BRITISH SNOWFLAKES: CAPITAL LETTERS MAY SCARE STUDENTS INTO FAILURE

IF YOU SHOULD HAPPEN TO BE A BRITISH SNOWFLAKE BETA MALE, I CERTAINLY HOPE MY USE OF ONLY CAPITAL LETTERS NOT ONLY TRIGGERS YOU, BUT ALSO SENDS YOU SCURRYING TO YOUR SAFE SPACE.

BUT IN ALL FAIRNESS, I’M GOING SOLEY ON THE RECOMMENDATIONS OF THE STAFF OF ONE OF BRITAIN’S LEADING INSTITUTES OF HIGHER LEARNING. AND I DON’T MEAN ONE OF THOSE NAMBY-PAMBY LONDONTOWNE SCHOOLS

I’M TALKING ABOUT LEEDS TRINITY UNIVERSITY. YES, THAT LEEDS. WORKING-CLASS LEEDS. THE LEEDS RHINKOS. THE WHO LIVE AT LEEDS.

Flocons de neige britanniques.

Now, back to at least a bit of reality for us regular people.

As reported by Will Metcalfe of Yahoo News UK, in a memo from the staff of Leeds Trinity’s journalism department, lecturers need to refrain from “writing to students using capital letters…”

Rationale? All caps just may “‘scare them into failure’ and instead suggested using a ‘friendly tone’ and avoiding the use of negative language.”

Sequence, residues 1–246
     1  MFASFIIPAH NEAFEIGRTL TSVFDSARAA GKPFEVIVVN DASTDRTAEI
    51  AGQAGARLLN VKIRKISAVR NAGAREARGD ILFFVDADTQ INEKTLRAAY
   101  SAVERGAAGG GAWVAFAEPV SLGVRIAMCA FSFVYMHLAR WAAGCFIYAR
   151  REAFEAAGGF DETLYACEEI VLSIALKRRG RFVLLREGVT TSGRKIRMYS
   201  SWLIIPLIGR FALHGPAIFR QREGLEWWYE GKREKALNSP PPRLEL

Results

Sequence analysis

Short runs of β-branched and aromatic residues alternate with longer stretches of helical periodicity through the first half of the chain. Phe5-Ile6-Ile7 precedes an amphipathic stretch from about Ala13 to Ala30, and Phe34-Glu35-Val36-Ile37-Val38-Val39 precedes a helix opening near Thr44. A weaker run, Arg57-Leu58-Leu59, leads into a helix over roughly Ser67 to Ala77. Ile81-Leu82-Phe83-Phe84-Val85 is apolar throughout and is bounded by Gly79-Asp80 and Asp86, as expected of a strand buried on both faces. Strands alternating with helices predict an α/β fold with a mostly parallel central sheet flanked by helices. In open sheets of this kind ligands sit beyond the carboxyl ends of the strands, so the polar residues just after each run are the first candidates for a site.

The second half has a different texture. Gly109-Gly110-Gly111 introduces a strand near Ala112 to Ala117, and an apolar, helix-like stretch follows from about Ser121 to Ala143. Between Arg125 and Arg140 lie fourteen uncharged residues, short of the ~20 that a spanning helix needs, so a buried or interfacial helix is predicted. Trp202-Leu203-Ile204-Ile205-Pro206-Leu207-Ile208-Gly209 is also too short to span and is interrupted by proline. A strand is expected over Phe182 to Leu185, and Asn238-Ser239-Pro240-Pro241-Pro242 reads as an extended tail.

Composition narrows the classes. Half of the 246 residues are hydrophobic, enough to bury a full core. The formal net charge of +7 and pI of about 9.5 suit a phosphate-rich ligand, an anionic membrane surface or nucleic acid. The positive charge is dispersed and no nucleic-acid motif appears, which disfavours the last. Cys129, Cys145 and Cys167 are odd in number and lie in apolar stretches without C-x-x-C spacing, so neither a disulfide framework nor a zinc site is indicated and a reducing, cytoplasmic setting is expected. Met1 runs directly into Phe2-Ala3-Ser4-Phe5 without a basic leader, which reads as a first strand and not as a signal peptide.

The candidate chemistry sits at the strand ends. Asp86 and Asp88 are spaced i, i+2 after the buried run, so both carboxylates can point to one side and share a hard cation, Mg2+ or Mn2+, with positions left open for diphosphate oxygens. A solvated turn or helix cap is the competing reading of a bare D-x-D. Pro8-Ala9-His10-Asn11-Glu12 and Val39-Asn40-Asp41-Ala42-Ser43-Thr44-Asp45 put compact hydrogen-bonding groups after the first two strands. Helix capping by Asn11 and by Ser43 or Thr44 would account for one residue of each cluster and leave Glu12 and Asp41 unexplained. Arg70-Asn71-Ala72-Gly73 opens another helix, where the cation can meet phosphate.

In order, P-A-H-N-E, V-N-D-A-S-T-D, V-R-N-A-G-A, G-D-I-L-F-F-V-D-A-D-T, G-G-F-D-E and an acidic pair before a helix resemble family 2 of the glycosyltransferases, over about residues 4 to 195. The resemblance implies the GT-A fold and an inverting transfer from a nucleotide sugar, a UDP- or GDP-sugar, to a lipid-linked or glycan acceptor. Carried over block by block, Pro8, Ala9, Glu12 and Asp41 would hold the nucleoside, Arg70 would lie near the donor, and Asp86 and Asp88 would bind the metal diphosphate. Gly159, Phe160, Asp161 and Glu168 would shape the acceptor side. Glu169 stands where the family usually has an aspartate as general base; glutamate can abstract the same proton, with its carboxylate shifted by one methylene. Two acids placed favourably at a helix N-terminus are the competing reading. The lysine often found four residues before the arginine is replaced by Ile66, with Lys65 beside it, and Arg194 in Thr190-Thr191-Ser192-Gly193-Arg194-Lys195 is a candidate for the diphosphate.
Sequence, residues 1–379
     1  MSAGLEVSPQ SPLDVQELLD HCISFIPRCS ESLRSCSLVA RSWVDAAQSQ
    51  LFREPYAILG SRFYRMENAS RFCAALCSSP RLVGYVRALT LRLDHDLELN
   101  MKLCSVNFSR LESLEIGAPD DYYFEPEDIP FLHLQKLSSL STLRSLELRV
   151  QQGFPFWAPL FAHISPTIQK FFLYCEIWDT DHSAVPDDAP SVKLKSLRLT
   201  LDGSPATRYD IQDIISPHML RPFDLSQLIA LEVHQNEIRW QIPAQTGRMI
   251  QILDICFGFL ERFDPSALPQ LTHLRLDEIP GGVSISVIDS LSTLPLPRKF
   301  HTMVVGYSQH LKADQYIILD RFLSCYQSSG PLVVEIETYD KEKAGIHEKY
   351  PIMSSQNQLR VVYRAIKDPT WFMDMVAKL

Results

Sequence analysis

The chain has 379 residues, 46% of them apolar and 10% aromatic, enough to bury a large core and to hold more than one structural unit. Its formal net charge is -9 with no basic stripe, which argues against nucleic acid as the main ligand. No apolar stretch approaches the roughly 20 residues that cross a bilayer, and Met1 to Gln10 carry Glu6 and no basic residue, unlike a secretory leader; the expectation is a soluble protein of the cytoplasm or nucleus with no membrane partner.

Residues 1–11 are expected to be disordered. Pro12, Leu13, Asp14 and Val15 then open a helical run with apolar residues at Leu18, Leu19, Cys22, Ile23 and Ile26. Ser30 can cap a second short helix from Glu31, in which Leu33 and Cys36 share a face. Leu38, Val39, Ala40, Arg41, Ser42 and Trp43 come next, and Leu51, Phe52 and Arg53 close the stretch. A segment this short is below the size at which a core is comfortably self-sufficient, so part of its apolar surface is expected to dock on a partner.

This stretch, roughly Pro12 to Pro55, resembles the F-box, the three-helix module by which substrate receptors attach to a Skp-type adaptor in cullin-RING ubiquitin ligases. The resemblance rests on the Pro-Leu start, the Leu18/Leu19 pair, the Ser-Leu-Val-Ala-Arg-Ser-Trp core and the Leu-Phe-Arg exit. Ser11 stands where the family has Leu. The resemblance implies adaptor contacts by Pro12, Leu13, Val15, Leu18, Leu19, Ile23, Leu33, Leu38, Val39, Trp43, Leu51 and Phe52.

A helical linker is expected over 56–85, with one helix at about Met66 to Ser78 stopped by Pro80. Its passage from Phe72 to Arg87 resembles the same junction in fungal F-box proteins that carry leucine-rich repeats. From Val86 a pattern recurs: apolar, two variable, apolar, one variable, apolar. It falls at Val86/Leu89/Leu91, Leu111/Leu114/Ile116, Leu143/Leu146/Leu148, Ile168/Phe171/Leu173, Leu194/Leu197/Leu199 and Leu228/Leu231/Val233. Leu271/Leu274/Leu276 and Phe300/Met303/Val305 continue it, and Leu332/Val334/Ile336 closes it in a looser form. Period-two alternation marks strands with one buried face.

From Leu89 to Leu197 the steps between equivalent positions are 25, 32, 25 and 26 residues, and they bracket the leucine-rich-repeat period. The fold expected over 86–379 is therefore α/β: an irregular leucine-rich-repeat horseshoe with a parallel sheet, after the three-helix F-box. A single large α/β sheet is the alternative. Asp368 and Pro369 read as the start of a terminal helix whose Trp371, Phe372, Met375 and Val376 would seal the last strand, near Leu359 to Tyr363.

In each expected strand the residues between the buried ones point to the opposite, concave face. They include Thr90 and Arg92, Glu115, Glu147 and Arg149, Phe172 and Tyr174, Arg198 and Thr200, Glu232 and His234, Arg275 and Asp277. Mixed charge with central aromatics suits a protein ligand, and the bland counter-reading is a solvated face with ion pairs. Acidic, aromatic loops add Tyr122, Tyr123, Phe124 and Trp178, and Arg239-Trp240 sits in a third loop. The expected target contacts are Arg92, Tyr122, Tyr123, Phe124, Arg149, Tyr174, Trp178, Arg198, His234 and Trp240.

Also noted;

Critics have since slammed the memo, saying it is just aiding to the ‘snowflake’ generation being overindulged throughout their education – following incidents in Manchester and Kent.

The memo said: ‘Despite our best attempts to explain assessment tasks, any lack of clarity can generate anxiety and even discourage students from attempting the assessment at all.’

The Express reports that it goes on to say writing words in capital letters could make the assignment appear ‘more difficult’ – adding to anxieties.

A spokesperson for Leeds Trinity said the memo was guidance on how to explain tasks to students so they achieve their full potential.

The move is the latest in a string of incidents which have seen universities criticised for pandering to students.

The University of Manchester’s students’ union replaced applause with ‘jazz hands’ at one event to alleviate stress among the anxious and people with sensory issues.

Kent University last month was criticised for banning students wearing ‘offensive’ costumes, including cowboy outfits or sombreros, in case it affected students’ right to a ‘safe space’ at the institution.